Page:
Now obviously that is not the same as saying that all Christians (or indeed all Muslims) think in the same way as the formal religions of which they are members. Of course most ordinary Christians think of themselves as decent and well-meaning people, and although I know fewer Muslims I would assume that they would claim the same. (I must admit that I'm naturally more suspicious of a religion which has a concept of taqiyyah though! Yes, people lie for Jesus, but its not quite as highly formalised in christian doctrine.)
But they are all members of organisations that have a lot to be ashamed of! They must take some responsibility for the way that their donations are squandered.
In a nicely christian way, my friend has very refrained from making comments on the posts out of a sense of respect for the recently deceased Mr Hitchens. However, I think he would not be upset at all if she said what she disagreed with, in a calm and rational way. He might very well have answered, as he did in Hitchslap 56:
"You give the awful impression of someone who has not read any of the arguments against your position ever. "
After all, Christopher Hitchens was much less respectful of the dead and terminally ill, both while they were alive and after their deaths. He expected (and to some extent got) the same treatment during his own illness.
You may say that he slandered Christians but to be honest I think you would have trouble supporting that claim. Slander requires his words to be untrue. Besides that, he generally argued against Christianity rather than against specific Christians, with the exception of people like Falwell and Robertson who have shown themselves to be 'notorious' characters anyway, and Mother Teresa who was (at best) not beyond suspicion.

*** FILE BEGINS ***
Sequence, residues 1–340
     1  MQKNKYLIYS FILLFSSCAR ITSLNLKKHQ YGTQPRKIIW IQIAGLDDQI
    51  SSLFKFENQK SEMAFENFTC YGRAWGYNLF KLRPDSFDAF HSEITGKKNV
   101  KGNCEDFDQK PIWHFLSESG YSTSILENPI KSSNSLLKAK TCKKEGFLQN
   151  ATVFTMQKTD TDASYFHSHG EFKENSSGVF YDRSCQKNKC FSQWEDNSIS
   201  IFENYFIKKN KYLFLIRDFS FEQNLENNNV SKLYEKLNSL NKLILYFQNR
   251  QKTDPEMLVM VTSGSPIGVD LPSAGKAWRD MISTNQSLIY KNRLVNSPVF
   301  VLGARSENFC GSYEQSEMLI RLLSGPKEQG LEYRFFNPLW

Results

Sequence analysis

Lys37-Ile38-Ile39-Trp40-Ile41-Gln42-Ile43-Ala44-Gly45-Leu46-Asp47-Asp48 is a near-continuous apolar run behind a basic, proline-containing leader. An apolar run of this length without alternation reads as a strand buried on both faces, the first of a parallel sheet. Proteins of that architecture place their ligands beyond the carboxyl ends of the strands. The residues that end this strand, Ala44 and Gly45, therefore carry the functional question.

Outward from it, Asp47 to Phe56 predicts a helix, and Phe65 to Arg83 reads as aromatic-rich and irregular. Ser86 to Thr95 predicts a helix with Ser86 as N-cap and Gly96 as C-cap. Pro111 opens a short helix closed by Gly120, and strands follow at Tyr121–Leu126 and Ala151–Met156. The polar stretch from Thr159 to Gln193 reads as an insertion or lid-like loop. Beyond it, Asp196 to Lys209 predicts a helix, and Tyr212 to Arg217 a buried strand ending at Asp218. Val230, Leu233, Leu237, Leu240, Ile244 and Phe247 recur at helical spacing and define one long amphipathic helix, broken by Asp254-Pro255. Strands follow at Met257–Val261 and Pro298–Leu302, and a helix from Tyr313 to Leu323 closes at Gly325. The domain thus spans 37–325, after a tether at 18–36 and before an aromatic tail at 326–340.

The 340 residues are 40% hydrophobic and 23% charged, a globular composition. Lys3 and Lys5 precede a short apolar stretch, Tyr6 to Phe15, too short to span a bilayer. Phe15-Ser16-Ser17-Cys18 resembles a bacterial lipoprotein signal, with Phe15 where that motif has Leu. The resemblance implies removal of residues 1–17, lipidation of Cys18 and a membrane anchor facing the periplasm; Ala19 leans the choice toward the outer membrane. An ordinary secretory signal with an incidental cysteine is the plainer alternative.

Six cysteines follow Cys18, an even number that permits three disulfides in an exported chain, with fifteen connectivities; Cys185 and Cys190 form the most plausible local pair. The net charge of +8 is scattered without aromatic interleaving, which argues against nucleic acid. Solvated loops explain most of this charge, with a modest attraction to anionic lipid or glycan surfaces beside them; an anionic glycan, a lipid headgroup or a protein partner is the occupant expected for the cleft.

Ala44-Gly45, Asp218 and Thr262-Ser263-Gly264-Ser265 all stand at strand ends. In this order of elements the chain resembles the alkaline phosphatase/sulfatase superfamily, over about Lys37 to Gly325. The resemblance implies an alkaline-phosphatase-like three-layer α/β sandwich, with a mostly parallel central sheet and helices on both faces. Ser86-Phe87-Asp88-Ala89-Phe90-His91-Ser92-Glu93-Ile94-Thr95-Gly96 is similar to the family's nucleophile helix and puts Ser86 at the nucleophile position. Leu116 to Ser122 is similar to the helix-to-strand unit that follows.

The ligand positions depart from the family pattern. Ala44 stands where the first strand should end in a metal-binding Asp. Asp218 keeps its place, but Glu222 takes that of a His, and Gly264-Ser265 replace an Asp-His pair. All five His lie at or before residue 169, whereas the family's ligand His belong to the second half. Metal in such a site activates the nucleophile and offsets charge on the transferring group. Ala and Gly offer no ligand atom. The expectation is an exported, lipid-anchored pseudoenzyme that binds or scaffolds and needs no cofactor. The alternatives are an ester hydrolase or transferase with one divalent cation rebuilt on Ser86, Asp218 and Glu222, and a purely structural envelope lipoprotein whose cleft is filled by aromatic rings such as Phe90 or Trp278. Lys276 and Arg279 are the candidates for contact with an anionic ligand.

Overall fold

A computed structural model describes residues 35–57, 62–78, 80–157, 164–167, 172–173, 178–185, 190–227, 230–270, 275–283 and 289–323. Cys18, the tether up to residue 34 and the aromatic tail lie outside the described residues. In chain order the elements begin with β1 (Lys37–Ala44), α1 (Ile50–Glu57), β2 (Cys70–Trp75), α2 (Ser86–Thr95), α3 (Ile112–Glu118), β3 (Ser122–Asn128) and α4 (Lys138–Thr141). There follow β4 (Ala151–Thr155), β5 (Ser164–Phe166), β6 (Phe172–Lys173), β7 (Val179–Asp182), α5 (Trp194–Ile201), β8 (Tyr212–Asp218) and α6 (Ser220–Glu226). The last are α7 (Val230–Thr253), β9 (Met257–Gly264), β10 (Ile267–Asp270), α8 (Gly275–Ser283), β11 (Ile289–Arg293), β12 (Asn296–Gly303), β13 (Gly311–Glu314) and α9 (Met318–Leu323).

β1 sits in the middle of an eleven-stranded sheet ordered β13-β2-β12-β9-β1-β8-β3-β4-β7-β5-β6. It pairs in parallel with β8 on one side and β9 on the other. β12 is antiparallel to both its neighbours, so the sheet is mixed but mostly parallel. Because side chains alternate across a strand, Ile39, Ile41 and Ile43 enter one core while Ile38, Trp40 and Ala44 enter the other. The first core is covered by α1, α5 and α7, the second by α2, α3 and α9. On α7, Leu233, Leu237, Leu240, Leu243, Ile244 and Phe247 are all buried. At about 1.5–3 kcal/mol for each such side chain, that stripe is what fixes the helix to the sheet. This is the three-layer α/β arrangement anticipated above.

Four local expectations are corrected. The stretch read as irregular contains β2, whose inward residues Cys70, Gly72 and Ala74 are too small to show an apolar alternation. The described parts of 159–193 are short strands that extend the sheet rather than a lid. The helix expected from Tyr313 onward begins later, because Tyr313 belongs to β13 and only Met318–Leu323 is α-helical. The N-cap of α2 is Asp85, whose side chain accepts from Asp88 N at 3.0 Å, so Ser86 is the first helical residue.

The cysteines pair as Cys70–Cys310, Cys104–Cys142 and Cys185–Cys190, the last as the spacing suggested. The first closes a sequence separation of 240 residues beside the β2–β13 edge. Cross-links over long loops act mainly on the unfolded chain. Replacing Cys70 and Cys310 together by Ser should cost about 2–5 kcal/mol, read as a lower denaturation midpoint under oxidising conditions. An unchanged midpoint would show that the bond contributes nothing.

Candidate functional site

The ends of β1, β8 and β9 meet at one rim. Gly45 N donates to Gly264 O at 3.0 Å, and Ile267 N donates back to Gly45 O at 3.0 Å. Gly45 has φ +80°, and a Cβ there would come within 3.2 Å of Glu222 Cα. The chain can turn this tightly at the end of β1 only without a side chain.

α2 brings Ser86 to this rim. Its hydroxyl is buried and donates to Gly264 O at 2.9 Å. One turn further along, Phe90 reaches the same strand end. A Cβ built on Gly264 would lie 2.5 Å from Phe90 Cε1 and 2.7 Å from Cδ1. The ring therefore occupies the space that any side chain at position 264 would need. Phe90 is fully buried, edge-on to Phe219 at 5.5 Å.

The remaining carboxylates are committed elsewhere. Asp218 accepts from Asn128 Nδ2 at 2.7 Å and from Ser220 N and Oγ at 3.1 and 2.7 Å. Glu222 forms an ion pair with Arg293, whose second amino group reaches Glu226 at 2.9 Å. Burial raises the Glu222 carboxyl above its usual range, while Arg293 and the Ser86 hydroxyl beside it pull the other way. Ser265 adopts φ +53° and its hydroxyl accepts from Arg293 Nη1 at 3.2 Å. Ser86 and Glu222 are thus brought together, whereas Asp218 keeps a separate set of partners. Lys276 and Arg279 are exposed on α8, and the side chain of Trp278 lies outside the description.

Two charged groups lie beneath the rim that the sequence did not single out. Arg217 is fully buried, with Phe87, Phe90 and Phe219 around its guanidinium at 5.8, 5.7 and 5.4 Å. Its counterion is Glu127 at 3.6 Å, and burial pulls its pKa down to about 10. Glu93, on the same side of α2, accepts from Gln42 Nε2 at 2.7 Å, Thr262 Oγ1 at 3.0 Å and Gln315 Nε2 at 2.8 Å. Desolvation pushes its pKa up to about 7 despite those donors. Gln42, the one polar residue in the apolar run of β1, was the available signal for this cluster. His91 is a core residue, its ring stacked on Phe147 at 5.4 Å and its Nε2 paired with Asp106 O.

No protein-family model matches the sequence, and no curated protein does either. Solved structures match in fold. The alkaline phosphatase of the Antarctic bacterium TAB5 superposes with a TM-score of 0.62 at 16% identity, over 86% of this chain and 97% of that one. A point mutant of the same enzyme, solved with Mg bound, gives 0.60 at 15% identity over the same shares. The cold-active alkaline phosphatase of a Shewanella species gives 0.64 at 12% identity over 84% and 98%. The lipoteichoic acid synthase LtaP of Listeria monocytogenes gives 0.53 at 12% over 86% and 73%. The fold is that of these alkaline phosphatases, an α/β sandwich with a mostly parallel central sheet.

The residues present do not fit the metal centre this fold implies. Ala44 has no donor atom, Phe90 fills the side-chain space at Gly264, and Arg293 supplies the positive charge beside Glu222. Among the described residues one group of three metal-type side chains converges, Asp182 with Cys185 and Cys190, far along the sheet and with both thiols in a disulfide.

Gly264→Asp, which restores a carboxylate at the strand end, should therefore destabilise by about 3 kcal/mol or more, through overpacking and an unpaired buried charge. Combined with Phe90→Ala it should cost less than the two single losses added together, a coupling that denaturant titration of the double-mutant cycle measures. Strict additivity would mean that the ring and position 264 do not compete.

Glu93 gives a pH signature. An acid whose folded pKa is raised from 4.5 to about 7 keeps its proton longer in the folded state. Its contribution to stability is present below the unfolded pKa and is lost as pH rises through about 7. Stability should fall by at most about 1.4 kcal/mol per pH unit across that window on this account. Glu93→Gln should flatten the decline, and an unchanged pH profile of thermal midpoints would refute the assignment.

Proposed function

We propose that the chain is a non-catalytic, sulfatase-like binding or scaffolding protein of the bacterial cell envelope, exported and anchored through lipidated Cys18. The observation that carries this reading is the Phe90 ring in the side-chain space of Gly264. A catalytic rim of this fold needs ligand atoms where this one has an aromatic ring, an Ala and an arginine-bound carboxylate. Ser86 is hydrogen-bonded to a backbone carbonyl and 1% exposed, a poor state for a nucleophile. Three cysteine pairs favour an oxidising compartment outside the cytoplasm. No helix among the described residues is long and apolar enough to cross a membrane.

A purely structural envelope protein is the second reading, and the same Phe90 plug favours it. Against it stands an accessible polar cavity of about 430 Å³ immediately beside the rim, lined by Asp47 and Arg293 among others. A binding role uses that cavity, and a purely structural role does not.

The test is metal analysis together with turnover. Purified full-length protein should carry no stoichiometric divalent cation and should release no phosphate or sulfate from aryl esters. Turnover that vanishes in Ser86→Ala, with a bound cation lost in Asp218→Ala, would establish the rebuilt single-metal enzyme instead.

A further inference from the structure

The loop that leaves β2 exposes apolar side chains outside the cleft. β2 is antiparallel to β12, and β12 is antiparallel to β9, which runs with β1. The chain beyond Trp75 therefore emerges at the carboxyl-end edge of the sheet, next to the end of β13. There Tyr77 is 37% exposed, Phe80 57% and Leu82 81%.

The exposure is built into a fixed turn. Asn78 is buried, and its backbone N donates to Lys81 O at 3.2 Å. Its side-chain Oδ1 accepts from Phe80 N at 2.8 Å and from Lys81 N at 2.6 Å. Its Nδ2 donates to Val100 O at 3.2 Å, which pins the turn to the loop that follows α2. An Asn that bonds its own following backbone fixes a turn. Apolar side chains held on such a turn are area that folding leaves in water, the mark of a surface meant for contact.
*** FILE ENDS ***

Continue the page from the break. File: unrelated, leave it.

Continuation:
My main argument would be that you should ask yourself whether his words would be considered acceptable in a political debate though. I think they would not seem unusually harsh in such a context.
|Hitch - equally outspoken on politics (as you can read here)|
It is just that Christianity has become accustomed to being immune to questioning and at long last it has to face up to those hard questions being asked. In my view it has no right to expect that immunity. Do YOU think it does?
Far from being an outpouring of venom, I prefer to think of the work of Hitchens as brave, reasonable and rational opinion on a topic that should be important to all of us.
Sometimes I'm more outspoken than other times. I generally I try to maintain a reasonable degree of politeness but I decline to be unnecessarily reverent. That doesn't mean that I can't respect someone who was less reticent with his views.
Hitchslap Index posts: 1, 2, 3, 4, 5, 6, 7, 8, 9
Small note: He famously changed his mind about the Iraq war. That demonstrates open-mindedness and represents a virtue rather than a weakness in my opinion.